POLITICS
01/01/2009 05:12 am ET Updated May 25, 2011

Clinton's Senate Seat: Who Will Replace Her?

***Update 12/2, 12:10 AM***

The New York Times reports today that Robert F. Kennedy Jr. has called the governor to take his name out of the running for Clinton's senate seat.

Robert F. Kennedy Jr., an environmental lawyer and son of the onetime senator from New York, said this morning that he had telephoned Gov. David A. Paterson and explained that he was not interested being appointed to the United States Senate.

Former President Bill Clinton has also said that he hasno interest in replacing Hillary in the U.S. Senate. His spokesman told CNN that any speculation that he would be interested is "completely false."

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Now that Hillary Clinton has officially been chosen as President-elect Barack Obama's Secretary of State, the battle for her Senate seat can begin in earnest. However, Ben Smith reports that Clinton isn't vacating the post just yet:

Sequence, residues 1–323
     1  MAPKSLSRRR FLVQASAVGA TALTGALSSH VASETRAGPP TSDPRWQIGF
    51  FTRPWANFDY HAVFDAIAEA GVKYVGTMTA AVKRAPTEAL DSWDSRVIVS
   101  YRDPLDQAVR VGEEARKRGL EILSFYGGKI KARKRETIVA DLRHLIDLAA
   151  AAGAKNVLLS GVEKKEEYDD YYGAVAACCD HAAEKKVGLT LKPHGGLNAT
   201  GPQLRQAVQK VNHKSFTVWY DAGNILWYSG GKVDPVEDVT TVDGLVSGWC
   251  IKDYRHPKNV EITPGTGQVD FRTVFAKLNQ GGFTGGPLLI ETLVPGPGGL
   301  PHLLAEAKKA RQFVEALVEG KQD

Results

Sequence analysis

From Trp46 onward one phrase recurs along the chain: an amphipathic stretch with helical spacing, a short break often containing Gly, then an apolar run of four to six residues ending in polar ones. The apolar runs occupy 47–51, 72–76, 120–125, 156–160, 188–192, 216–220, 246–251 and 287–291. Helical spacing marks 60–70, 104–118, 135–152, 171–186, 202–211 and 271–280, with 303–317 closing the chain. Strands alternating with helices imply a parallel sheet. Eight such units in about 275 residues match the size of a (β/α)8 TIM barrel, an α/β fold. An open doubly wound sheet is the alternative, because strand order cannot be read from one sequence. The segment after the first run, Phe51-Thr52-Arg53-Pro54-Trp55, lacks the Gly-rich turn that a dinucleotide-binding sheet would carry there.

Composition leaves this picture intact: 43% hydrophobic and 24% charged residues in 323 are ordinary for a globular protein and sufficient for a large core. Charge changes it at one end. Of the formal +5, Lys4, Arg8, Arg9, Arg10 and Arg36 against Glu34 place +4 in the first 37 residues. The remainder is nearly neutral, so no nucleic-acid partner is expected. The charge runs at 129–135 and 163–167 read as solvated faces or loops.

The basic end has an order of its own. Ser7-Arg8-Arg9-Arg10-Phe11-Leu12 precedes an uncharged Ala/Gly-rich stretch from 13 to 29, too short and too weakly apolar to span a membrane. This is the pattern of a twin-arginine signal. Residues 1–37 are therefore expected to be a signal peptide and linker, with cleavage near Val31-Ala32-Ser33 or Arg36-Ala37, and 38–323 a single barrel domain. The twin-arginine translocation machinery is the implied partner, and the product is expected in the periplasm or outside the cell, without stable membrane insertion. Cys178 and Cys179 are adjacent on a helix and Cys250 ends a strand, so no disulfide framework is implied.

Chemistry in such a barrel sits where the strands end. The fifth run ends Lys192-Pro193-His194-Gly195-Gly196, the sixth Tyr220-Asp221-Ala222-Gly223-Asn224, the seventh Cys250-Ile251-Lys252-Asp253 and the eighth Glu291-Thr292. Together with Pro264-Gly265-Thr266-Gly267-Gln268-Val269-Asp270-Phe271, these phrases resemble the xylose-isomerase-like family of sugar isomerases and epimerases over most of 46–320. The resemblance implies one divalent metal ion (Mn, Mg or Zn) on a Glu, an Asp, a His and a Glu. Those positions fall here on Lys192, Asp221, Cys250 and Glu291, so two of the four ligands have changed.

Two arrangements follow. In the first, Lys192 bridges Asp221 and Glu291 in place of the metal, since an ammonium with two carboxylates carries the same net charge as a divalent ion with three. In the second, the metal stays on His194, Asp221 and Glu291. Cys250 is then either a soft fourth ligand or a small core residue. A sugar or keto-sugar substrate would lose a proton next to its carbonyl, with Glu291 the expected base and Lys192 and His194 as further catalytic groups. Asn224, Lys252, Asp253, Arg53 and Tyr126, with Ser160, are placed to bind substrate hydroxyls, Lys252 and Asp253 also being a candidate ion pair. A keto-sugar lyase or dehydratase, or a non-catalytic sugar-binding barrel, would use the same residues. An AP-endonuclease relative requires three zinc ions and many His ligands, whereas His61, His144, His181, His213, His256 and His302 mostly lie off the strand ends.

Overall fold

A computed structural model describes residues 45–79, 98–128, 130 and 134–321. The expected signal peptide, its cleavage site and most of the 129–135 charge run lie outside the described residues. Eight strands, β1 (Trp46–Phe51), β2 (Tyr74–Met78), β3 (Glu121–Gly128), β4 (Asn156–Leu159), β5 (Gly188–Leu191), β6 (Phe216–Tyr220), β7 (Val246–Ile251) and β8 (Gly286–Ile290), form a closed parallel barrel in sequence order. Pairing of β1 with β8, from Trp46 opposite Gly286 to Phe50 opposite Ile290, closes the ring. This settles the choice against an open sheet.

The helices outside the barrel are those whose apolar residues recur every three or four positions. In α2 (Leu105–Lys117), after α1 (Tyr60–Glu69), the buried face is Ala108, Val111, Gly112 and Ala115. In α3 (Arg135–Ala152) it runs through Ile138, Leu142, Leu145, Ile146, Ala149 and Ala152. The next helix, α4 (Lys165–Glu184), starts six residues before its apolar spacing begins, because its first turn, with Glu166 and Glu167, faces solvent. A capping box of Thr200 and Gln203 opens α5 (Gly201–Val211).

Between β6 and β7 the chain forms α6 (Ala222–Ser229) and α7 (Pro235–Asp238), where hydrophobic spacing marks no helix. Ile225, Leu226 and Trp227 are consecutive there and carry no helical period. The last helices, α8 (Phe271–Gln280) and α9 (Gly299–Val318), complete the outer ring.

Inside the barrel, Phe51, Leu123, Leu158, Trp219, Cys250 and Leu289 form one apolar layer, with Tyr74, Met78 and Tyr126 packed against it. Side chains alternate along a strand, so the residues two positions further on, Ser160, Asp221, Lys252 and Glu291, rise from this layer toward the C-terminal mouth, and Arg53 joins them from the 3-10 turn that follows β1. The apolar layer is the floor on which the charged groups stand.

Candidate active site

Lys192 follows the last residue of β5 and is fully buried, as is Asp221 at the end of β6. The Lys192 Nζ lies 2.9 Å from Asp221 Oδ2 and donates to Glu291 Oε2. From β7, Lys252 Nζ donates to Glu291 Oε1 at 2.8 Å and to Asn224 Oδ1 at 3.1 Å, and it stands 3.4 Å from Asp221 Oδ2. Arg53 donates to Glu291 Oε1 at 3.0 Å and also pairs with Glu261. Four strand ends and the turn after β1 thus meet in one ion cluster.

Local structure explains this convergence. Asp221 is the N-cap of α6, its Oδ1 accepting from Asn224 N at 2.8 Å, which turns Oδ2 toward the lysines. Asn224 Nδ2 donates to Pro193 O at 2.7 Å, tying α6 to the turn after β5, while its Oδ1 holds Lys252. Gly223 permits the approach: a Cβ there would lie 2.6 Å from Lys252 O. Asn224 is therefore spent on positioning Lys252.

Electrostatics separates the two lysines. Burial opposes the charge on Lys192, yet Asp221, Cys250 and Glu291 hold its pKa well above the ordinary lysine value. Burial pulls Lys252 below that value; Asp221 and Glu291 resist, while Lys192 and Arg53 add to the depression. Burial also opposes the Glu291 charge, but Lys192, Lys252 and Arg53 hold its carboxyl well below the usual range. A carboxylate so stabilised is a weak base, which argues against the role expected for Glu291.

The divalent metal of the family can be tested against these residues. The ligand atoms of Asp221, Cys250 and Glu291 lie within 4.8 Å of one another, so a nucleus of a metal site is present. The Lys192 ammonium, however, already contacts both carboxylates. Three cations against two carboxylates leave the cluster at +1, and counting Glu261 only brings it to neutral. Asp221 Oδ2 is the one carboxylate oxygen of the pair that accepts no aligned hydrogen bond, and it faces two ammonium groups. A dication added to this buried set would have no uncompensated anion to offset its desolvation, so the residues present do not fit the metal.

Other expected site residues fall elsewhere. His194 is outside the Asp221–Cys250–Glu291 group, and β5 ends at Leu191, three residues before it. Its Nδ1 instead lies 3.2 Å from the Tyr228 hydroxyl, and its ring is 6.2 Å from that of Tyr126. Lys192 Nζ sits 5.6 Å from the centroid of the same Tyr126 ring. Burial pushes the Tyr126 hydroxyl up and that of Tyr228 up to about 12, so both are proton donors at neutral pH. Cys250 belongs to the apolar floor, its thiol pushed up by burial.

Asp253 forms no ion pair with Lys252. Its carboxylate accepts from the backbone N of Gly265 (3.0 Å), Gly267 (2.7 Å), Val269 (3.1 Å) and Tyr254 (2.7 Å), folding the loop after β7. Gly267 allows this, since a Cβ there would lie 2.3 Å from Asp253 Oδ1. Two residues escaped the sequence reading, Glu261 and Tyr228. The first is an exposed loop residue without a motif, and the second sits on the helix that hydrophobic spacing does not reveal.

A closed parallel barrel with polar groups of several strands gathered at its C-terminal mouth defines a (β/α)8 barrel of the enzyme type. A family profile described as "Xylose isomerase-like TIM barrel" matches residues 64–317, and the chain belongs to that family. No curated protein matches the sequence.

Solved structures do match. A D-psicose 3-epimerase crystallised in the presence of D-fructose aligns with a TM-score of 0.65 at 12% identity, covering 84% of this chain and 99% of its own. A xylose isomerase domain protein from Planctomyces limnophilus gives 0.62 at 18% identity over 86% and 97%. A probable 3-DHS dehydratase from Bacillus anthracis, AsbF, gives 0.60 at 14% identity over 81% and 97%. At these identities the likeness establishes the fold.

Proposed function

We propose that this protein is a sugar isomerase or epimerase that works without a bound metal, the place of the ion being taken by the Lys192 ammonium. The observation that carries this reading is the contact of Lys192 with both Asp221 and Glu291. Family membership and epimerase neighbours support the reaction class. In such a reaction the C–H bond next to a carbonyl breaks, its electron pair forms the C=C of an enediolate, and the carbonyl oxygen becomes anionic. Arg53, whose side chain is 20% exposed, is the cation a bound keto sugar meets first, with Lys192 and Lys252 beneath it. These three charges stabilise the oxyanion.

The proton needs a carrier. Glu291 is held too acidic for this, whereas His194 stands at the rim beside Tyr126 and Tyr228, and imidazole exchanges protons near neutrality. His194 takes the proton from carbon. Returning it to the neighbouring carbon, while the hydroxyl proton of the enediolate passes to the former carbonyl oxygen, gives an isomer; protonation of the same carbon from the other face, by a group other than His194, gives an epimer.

"Senator Clinton intends to remain in office through confirmation," emails spokesman Philippe Reines.

UPDATE: Says New York Governor David Paterson in a statement: "In order to appoint the best possible candidate to replace Senator Clinton, I am consulting with a wide variety of individuals from all across New York State. I expect to announce Senator Clinton's replacement when the position becomes officially vacant."

Meanwhile, one of the top contenders has withdrawn herself from consideration.

Rep. Nita Lowey (D-Westchester) -- considered to be a frontrunner to replace Hillary Clinton in the Senate -- is withdrawing herself from consideration, her spokesman tells Politico.

The 11-term congresswoman, who stepped aside to allow Clinton to run in 2000, thinks she can "be more effective" in the House where she chairs the homeland subcommittee on the appropriations.

Several possible Lowey competitors told Politico they would have stepped aside if Lowey had pushed for the job. But in recent days, she had begun telling colleagues she had no interest in relinquishing her role as a "cardinal" -- one of the House's top appropriators.